On the other hand, some of the most uncomfortable aspects of the show involved Barry's all-consuming crush on Iris, his de facto sister. But the show has course-corrected somewhat, letting Iris become more of her own force rather than just an object of Barry's affection. He has also leaned harder on Cisco and fellow S.T.A.R. Labs genius Caitlin (Danielle Panabaker) for support.

In the second season premiere, Barry finally gets the evidence he needs to free his father. They throw a party for his homecoming, complete with "welcome home!" cake, and it's genuinely heartwarming that Barry might get his old family back. But his father begs off, saying that he can't stick around to distract Barry from fulfilling his destiny as the Flash.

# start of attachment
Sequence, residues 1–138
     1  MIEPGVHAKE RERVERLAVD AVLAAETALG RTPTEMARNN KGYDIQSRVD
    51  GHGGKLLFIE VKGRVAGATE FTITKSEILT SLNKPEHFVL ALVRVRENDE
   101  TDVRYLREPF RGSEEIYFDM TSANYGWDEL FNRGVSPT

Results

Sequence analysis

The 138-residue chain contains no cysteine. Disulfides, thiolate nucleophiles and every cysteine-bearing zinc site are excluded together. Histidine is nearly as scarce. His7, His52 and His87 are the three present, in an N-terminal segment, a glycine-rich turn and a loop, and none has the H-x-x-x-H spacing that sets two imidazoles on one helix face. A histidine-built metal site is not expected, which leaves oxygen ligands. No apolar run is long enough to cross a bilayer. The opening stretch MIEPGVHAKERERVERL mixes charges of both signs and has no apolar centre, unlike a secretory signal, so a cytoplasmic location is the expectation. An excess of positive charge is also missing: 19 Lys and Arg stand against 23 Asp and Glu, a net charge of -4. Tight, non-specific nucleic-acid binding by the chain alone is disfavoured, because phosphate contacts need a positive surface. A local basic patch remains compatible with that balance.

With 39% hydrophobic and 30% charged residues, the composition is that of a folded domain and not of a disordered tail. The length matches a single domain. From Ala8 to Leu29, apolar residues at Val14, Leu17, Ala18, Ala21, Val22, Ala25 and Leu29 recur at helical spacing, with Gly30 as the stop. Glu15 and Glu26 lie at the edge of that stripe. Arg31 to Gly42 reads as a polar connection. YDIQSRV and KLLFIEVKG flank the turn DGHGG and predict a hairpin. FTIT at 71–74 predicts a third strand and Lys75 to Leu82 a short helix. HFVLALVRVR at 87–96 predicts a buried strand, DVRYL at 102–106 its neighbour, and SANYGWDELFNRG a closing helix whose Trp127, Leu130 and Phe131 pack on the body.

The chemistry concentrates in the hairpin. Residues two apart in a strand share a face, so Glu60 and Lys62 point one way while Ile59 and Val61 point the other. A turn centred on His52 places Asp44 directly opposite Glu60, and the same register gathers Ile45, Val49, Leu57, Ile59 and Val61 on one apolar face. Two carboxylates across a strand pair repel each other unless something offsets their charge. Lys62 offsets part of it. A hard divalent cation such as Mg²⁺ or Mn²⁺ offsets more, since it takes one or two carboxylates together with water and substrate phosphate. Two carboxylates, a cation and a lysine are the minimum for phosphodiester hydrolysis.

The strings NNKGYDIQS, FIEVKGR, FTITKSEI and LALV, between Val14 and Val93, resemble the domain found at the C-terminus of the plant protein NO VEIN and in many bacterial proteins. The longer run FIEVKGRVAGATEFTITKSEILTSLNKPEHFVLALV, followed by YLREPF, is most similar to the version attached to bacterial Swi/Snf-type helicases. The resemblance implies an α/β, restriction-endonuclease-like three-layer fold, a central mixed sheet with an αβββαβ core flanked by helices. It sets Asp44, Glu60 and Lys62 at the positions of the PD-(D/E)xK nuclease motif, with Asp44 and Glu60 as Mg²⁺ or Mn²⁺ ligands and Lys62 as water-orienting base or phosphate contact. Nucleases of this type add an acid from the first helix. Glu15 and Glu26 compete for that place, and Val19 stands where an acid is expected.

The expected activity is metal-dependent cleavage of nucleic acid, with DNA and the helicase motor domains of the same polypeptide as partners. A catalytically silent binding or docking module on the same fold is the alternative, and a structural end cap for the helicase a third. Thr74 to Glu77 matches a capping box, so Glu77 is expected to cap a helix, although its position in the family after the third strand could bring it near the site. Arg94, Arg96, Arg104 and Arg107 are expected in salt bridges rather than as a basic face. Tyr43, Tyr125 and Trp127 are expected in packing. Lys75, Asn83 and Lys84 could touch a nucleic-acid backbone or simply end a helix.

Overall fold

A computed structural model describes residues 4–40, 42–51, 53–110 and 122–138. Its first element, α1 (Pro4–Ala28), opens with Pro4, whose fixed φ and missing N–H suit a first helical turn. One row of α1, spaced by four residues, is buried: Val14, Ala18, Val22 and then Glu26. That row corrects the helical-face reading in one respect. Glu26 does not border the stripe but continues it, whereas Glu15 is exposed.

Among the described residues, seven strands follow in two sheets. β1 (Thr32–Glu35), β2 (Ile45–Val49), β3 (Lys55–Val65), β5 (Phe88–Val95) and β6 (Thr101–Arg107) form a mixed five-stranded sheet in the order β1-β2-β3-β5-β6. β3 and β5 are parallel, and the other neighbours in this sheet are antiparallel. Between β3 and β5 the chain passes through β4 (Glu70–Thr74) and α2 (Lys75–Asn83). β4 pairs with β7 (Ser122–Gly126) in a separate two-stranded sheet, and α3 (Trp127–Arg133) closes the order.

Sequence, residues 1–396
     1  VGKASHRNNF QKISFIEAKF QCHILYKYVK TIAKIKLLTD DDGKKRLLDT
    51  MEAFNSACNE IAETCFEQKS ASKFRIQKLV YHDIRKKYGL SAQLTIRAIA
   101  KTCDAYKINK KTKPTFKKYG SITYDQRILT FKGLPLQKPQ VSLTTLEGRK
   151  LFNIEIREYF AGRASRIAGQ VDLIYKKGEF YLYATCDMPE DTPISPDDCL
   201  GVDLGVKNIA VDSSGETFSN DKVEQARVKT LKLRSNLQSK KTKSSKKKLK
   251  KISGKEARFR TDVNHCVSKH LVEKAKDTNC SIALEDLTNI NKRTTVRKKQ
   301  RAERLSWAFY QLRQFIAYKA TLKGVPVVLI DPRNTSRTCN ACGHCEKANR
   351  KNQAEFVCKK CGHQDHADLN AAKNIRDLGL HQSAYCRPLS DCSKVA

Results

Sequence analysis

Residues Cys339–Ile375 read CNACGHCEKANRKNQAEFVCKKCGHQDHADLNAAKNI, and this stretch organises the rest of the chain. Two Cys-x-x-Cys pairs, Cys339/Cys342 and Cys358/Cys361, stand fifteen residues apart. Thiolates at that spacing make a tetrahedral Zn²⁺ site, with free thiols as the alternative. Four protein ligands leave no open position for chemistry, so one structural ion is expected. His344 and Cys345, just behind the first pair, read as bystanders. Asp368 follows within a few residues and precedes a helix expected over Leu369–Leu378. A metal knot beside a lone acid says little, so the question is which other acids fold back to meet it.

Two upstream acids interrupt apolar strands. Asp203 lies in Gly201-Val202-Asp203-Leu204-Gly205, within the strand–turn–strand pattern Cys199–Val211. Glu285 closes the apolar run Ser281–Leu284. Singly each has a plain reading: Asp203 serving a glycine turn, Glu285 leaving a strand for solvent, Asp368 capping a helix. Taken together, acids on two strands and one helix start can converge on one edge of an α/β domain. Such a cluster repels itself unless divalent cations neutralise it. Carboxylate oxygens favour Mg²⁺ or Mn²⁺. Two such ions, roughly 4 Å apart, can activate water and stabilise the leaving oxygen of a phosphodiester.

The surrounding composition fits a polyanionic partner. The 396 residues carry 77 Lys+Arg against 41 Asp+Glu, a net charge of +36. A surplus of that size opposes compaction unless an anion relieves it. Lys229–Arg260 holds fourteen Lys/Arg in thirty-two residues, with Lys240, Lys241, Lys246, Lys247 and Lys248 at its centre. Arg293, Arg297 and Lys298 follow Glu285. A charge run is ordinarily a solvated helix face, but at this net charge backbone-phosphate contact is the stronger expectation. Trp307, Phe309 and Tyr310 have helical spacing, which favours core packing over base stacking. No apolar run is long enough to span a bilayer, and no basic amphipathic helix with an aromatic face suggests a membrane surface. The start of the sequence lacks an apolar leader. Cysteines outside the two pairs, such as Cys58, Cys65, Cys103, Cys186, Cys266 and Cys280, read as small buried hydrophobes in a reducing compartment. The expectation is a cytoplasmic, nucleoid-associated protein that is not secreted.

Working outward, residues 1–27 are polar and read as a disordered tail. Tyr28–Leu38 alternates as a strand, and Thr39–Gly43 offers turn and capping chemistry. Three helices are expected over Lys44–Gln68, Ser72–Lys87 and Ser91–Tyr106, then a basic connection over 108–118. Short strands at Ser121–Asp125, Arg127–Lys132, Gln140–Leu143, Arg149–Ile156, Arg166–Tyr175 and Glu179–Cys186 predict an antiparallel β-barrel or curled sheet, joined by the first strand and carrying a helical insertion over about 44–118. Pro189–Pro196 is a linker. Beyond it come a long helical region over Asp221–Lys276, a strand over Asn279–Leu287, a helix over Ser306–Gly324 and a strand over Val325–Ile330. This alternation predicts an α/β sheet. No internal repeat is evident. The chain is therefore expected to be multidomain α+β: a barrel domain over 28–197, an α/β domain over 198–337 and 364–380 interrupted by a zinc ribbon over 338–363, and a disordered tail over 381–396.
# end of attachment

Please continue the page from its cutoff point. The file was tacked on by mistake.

This, frankly, is a thin excuse to avoid integrating Shipp into the show. But even with Barry's heartbreak (which Gustin plays beautifully), this development is not an unwelcome one. The Flash's cast members have become so comfortable with one another onscreen that they sell this specious logic with their warmth.

5) Most importantly: The Flash gets his very own Bat-Signal

C'mon, this is just cool.

The CW

Once Barry decides to come back into the fold and let his friends help him fight this latest radioactive threat, they create a method of alerting the villain of the week to the Flash's presence that looks an awful lot like something Cisco "saw in a comic book once."

That's right: The Flash gets a Flash-Light.

(I make no apologies. Please enjoy this delightful show.)

The Flash airs Tuesdays at 8 pm on The CW.

Corrected to reflect that Victor Garber plays Dr. Martin Stein, not Dr. Victor Martin.